Opportunities are built into the curriculum across all subjects to encourage pupils to see the benefits of reading both fiction and non-fiction books and articles.

Leaders have reviewed their curriculum to encourage an increase in uptake of the English Baccalaureate suite of subjects. There has been a particular focus on the provision in modern foreign languages to enthuse pupils to carry on studying this subject in key stage 4.

There is a positive and welcoming atmosphere around the school. Pupils behave well in both lessons and around the site. They treat each other and adults with respect.

The small minority of pupils who do not make the right choices are supported by staff to improve their decisions and behaviour for the future.

Leaders have thought carefully about the opportunities that pupils need to encounter to develop their character. Trips and visits are organised to a wide range of places.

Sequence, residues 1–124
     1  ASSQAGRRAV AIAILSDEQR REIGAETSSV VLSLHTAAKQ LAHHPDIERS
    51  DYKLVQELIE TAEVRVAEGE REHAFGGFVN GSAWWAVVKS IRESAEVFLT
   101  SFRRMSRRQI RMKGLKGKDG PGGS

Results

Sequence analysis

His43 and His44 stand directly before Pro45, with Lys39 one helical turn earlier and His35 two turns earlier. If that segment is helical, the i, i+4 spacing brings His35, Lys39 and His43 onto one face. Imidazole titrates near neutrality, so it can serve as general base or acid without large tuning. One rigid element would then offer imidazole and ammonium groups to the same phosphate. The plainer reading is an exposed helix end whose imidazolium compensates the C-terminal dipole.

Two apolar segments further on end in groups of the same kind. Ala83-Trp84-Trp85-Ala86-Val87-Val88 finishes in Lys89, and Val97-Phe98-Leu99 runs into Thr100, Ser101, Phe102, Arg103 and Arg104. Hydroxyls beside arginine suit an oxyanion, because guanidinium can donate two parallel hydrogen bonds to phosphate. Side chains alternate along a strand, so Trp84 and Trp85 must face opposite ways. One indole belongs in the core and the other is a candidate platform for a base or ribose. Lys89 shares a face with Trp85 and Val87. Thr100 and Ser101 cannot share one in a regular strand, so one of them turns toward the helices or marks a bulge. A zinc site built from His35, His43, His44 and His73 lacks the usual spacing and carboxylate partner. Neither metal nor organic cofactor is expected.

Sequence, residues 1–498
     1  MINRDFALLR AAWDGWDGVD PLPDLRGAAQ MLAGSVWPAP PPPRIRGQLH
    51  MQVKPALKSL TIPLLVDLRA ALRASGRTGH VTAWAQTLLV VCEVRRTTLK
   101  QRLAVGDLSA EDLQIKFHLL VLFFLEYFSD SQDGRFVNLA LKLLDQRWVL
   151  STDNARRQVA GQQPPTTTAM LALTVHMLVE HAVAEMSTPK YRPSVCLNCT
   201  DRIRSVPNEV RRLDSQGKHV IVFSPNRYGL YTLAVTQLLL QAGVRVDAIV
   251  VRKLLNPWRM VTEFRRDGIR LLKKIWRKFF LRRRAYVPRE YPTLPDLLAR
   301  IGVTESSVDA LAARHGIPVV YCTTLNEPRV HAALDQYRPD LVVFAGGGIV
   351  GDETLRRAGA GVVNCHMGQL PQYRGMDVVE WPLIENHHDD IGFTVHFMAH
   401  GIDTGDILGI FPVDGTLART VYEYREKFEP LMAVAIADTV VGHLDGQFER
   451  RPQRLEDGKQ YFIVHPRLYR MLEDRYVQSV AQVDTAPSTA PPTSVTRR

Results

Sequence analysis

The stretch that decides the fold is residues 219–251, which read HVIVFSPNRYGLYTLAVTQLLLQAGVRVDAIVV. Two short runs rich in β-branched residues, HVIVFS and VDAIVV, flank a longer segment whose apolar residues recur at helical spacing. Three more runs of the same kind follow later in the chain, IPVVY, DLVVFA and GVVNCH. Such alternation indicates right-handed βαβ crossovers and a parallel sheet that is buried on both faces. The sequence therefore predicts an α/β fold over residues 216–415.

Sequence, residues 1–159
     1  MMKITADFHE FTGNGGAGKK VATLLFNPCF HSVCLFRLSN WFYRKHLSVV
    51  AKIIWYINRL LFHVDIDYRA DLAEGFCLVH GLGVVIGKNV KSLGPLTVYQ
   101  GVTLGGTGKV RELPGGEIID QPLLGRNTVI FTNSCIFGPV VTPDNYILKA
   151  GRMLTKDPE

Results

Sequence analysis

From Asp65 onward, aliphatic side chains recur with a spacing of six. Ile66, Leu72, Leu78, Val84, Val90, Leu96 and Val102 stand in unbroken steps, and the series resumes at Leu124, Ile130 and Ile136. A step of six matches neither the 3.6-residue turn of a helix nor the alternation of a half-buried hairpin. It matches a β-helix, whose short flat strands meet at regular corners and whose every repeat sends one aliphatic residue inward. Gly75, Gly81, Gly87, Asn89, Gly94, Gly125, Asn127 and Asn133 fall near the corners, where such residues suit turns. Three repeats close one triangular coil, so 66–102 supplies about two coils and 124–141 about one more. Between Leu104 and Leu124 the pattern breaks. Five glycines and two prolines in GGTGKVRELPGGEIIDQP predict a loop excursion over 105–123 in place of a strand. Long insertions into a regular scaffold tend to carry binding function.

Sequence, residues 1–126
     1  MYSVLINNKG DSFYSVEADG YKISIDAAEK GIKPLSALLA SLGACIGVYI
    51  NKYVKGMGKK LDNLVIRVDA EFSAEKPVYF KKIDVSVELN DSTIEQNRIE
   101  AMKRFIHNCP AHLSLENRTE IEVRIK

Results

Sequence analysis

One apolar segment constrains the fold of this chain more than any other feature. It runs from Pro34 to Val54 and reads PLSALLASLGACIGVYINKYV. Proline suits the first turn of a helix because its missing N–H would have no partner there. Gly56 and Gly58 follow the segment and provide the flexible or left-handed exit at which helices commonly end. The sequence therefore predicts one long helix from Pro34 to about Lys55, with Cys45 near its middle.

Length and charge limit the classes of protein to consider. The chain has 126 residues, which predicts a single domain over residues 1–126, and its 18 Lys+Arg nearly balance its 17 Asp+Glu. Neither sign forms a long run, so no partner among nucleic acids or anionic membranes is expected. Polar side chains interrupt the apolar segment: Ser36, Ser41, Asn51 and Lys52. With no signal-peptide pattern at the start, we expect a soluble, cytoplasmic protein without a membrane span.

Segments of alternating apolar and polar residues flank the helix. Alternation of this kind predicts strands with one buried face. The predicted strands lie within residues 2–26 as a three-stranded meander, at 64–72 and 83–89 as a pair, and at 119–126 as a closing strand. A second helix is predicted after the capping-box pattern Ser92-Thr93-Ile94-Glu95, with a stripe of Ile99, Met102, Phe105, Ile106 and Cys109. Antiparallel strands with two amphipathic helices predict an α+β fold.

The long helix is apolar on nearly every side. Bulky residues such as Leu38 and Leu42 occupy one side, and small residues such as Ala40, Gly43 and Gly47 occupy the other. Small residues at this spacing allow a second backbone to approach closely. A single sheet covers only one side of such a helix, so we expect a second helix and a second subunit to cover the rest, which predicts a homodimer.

The recent introduction of house activities has ensured that all pupils get the chance to try new things. Some aspects of the relationships and sex education (RSE) and health education programmes are not as well thought out as they could be.

Leaders have designed a coherent programme of opportunities to help pupils to make decisions about their future career choices.

Pupils are provided with a wide range of information about their options post-16 and post-18.

Leaders, including governors and trustees, have a strong understanding of the priorities for the school. They know the school well.

Leaders have thought carefully about the impact of their decisions on the workload of staff. They have created a reflective culture among the staff to be as ambitious for their development as they are for pupils.